by Marion Nestle

Currently browsing posts about: Cooking

Jan 28 2021

Food trends predicted for 2021

I’ve been collecting predictions of what’s going to happen to the food industry this year.  Here are some, about cooking, sales, products, flavors, regulations, e-sales, robotics, and agriculture.

Dec 16 2020

Holiday gift idea—for kids: Chop Chop Eatable Alphabet

Chop Chop Family’s website teaches kids to cook.  It publishes Chop Chop magazine.  And it has just produced the Eatable Alphabet.

This is a box of stiff cards from A to Z, aimed at teaching kids ages 2-6 to cook up a storm.

For fun, I picked the letter M: Mushroom, or seta in Spanish.

Flip the card over, and you get a cooking lesson:

  1. Count out 4 mushrooms.  Slice teh mushrooms and put them in a bowl.
  2. Add 1/2 teaspoon vinegar, 1 teaspoon oil, and pinch of salt.
  3. Mix well and enjoy!

The cards also suggest activities.  E for Egg (huevo), for example, suggests:

Move.

Sit on the floor and hug your knees to your chest.  Roll around on teh ground like an egg rolls around on a table.

Have a kid of age 2-6 in your family or pod?  These will keep them busy for hours.

I can’t think of a better holiday gift.  And for older kids, check out the magazine.  It’s good too.

ADDITION:  If you are looking for items for kids, Food Tank lists 26 books about food to Nourish Kids’ Minds.

Jul 27 2018

Weekend reading: Amy Trubek’s Making Modern Meals

Amy Trubek.  Making Modern Meals: How Americans Cook Today.  University of California Press, 2017.

Amy Trubek, an anthropologist (who also trained as a chef) at the University of Vermont, turns her attention to the meaning of cooking in our current era.  Cooking is, as she titles her chapters, at once a chore, occupation, art, craft, and means to achieve health.

She approached these topics as an anthropologist, using participant observations of bakeries and interviews with city and rural participants about their thoughts about cooks and cooking.  She uses this research as a window on contemporary life.

So, what of the dominant narrative that cooking is in decline because home cooks don’t cook…Can we trust this assumption?  Not really….Perhaps the culprit is the organization and structure of modern life.  In multiple discourses (occurring in cookbooks, historical and contemporary media, interviews with cooks, etc.) there exists a pervasive sense of lack and loss as to what we can and should do in our domestic lives.  Almost seventy years ago, Avis DeVoto complained that she did not have time to cook…In this narrative, home cooking is much more episodic than in earlier times because it needs to be, given the expansion of daily demands, and skills and tasks related to meal preparation are given up so that cooking can be fit into modern life [pp. 106-107].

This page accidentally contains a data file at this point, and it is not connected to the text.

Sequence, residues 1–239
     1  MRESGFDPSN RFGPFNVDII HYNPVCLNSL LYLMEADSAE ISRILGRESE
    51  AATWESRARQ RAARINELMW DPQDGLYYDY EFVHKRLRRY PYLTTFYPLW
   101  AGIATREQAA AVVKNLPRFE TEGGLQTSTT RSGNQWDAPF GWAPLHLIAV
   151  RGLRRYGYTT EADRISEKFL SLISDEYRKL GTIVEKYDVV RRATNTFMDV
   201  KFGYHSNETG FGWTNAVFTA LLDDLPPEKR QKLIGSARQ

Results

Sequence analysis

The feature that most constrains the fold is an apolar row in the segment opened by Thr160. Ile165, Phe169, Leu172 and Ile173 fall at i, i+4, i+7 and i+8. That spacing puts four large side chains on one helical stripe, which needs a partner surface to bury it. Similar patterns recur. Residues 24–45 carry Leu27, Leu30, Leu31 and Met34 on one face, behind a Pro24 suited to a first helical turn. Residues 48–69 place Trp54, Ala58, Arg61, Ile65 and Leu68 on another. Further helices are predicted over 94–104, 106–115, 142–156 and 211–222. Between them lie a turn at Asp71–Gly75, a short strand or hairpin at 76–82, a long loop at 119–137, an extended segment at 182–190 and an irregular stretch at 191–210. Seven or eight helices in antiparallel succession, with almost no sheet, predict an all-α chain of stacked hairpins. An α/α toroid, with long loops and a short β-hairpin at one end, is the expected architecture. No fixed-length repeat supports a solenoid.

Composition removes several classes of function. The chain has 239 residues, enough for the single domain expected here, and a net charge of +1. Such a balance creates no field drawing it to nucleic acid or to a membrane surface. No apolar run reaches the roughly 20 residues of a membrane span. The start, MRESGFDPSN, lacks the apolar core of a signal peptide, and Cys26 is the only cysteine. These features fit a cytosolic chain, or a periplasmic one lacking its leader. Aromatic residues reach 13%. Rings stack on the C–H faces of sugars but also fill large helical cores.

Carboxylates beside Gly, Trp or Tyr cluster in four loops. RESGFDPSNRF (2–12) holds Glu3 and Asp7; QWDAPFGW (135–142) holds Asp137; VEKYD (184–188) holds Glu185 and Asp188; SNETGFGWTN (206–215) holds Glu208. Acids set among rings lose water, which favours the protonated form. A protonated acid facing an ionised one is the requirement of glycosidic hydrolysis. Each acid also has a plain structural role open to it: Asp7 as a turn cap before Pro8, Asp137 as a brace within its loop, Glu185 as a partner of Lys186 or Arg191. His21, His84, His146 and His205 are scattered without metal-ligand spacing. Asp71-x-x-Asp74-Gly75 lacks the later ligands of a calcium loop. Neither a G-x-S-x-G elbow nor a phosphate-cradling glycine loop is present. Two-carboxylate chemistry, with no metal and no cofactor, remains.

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Nov 3 2017

Weekend cooking: Sullivan Street Bakery

Jim Lahey with Maya Joseph.  The Sullivan Street Bakery Cookbook.  Norton, 2017.

Jim Lahey of My Bread, No-Knead Bread, and Sullivan Street Bakery fame, has produced this marvelous cookbook with his wife, Maya Joseph, featuring all the great foods he serves at Co., his New York restaurant on 9th Ave @25th Street.

Full disclosure: I am a huge fan of both, not least because Maya, who holds a doctorate in political science from the New School, was my teaching assistant in several courses at NYU, and we’ve co-authored several papers:

  • Joseph M, Nestle M.  The ethics of food.  Lahey Clinic Journal of Medical Ethics 2009;16(1):1-7.
  • Joseph M, Nestle M.  Dialogue: the ethics of food [response].  Medical Ethics 200916(2):7-8.